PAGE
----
Tuesday, July 20, 2010

Harlem & Me

I remember when I was ten-years-old and I played basketball with my brother in our driveway whenever I could find time between flirting with girls on AOL and being very sexually confused thanks to a curvy Lorrie Morgan kinda looking like Macaulay Culkin in her “Something In Red” video.

MacLorrie Culkin

“Get down on your knees and tell me ya love me.”

After I would give my brother a steady dose of buckets and rainmaking with a few games of one-on-one, we would seemingly always decide to team up and act like we were the Harlem Globetrotters playing against a ghost defense.  This pretty much just consisted of us throwing behind the back passes to each other, but for those 30 minutes, we thought we were the best athletes in the world. Why did we do this?  Because we were suburban white kids, which meant that playing for the Globetrotters was an unattainable fantasy.  I was so convinced that there was a rule banning white players from joining the Globetrotters that I specifically remember thinking that “Harlem” wasn’t a neighborhood in Manhattan, but was instead a word used interchangeably with “African-American”.  At the time, I still thought I had a chance to play in the NBA, so when it came time for me to play out a basketball dream sequence in my driveway, I always chose the Globetrotter routine because it was the one thing I knew that I would never do.  Until now.

I’m sure most of you have probably heard, but I was drafted by the Harlem Globetrotters about a month ago, which immediately prompted a couple of questions from just about anyone who heard the news:

  1. The Globetrotters have a draft?
  2. The Globetrotters have white people?

Apparently the answer to both of those questions is yes, although they both seem to be a rarity, as I was told that this is just the fourth draft they’ve had and I would be only the third white guy in their 84 year history.  As exciting as the news of being drafted was, the story behind how I found out couldn’t be more boring.  Unless, maybe, Ben Stein read it to you or something.

I found out about being drafted when I checked my voicemail after I got done rehabbing my shoulder one day.  A guy claiming to be with the Globetrotters informed me that I had been selected for their draft and he left a number for me to call. I naturally thought it was a prank, but I called back anyway and realized rather quickly that it wasn’t a prank at all.  He asked me for my address so he could send me a jersey (and a headband), and then told me that the next step is for me to come to training camp in New York in late September. That really is all I know.  I haven’t heard anything since and I have no idea of specific dates this training camp is supposed to take place, but when I find out more details I’ll be sure to let the Trillion Man March know.  I told you it was boring.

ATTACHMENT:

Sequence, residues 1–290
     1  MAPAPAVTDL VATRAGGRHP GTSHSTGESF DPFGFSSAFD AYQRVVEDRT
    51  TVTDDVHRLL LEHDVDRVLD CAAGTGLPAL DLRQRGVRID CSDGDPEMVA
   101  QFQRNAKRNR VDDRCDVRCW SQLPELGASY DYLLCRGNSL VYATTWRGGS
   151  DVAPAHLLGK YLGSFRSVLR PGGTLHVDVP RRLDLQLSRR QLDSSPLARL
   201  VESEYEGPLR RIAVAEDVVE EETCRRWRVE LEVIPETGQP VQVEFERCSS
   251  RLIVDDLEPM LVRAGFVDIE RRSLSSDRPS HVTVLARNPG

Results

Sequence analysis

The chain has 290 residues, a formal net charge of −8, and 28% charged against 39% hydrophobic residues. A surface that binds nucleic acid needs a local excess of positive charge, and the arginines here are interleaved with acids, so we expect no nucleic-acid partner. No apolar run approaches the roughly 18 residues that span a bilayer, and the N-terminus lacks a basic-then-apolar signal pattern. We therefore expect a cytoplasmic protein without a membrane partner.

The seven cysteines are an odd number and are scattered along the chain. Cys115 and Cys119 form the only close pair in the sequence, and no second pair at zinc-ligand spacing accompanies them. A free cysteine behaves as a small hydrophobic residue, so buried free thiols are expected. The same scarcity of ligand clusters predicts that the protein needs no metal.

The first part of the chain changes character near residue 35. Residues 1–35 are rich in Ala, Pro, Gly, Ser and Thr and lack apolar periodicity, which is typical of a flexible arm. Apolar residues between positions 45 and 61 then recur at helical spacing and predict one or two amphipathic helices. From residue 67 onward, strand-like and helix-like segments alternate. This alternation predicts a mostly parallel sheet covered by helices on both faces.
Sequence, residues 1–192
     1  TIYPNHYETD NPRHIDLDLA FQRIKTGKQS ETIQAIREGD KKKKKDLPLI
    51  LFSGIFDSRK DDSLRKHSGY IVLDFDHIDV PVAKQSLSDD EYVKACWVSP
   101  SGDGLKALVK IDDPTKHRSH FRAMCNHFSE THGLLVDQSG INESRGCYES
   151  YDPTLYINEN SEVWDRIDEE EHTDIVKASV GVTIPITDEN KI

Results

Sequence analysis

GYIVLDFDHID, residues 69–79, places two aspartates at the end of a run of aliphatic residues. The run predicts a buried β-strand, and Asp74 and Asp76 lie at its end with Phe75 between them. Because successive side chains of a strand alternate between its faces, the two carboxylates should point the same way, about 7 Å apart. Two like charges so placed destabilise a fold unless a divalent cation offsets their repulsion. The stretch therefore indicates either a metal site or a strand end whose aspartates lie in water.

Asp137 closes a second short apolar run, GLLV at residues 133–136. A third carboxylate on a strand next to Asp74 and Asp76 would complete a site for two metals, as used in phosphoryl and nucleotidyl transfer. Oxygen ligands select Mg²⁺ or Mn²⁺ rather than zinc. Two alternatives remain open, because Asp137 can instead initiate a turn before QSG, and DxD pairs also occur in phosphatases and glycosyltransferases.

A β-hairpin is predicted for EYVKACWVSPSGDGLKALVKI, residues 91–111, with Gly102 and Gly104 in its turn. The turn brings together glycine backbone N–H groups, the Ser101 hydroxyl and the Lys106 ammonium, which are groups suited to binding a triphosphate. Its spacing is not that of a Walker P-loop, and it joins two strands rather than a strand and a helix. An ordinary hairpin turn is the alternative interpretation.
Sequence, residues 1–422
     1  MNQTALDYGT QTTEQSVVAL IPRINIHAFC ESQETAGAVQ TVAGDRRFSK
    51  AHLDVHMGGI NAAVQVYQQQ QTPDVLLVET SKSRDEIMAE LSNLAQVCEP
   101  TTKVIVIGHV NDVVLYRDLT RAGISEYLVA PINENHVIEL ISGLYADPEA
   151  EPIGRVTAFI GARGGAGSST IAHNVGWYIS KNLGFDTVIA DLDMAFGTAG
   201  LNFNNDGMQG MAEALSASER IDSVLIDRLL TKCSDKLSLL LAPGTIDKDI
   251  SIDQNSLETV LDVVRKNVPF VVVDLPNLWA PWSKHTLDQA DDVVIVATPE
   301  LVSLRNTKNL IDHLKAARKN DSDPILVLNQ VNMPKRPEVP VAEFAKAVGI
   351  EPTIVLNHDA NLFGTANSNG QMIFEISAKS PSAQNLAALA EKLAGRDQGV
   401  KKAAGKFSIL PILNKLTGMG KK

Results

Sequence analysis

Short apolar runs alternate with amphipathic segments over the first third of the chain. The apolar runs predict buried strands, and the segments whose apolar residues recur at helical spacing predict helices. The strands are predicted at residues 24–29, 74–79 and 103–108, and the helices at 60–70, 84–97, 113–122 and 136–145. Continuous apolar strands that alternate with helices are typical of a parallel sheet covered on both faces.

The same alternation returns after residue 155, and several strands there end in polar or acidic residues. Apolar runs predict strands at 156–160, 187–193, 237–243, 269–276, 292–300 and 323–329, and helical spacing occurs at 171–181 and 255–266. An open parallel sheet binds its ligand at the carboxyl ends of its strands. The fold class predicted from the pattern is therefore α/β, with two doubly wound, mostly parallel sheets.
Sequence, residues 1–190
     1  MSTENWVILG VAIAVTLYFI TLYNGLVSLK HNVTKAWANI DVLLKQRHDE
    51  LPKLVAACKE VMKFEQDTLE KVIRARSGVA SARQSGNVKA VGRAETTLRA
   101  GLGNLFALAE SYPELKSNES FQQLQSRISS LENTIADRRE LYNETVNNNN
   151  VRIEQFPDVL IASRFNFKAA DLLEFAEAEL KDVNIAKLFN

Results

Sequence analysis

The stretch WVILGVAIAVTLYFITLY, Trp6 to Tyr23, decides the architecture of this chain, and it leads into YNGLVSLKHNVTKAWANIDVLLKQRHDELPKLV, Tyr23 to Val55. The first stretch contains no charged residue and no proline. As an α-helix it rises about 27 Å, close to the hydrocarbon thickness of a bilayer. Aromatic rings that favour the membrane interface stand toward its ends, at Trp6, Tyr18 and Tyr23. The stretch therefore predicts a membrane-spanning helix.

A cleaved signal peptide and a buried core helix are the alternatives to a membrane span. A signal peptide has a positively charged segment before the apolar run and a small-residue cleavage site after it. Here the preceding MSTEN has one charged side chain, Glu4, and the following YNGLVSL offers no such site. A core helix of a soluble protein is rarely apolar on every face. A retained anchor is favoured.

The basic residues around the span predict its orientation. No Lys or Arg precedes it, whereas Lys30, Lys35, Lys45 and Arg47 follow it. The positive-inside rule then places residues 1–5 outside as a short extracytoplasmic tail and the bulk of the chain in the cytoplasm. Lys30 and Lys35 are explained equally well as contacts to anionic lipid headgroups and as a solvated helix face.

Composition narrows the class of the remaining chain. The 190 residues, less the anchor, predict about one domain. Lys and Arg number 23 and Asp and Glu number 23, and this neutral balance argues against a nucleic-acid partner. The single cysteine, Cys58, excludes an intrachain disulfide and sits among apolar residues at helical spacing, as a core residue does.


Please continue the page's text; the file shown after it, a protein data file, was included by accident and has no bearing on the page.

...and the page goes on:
Even though I don’t know exactly what I’m supposed to do next, I’m taking this opportunity very seriously, which is why I’ve begun continued mastering the half-court shot (hit four in a row the other day) and I carry a bucket of confetti with me at all times.  I already know that from the onset I’ll be faced with tons of pressure to turn the team around from their dismal 99% winning percentage, but as the franchise player it’s a challenge I’m ready for.  My theory is that their terrible winning percentage is a reflection of their entertainment-first attitude that features a little too much goofing off.  That’s why on the first day of training camp, I plan on getting into the triple threat position right before I punch one of my teammates square in the mouth.  Doing this will have a two-pronged effect. First, it will stress the importance of fundamentals to my teammates. But most importantly, it will also send the message that even though I may look like a marshmallow in a bag of charcoal, I’m not there to screw around. ___________________________________________________

Your awesome YouTube was sent in to my by Thomas from Bethesda. There’s your shout-out, Thomas. And here’s your video.

Proud To Be An American But Even Prouder To Be A Buckeye,

Mark Titus

Club Trillion Founder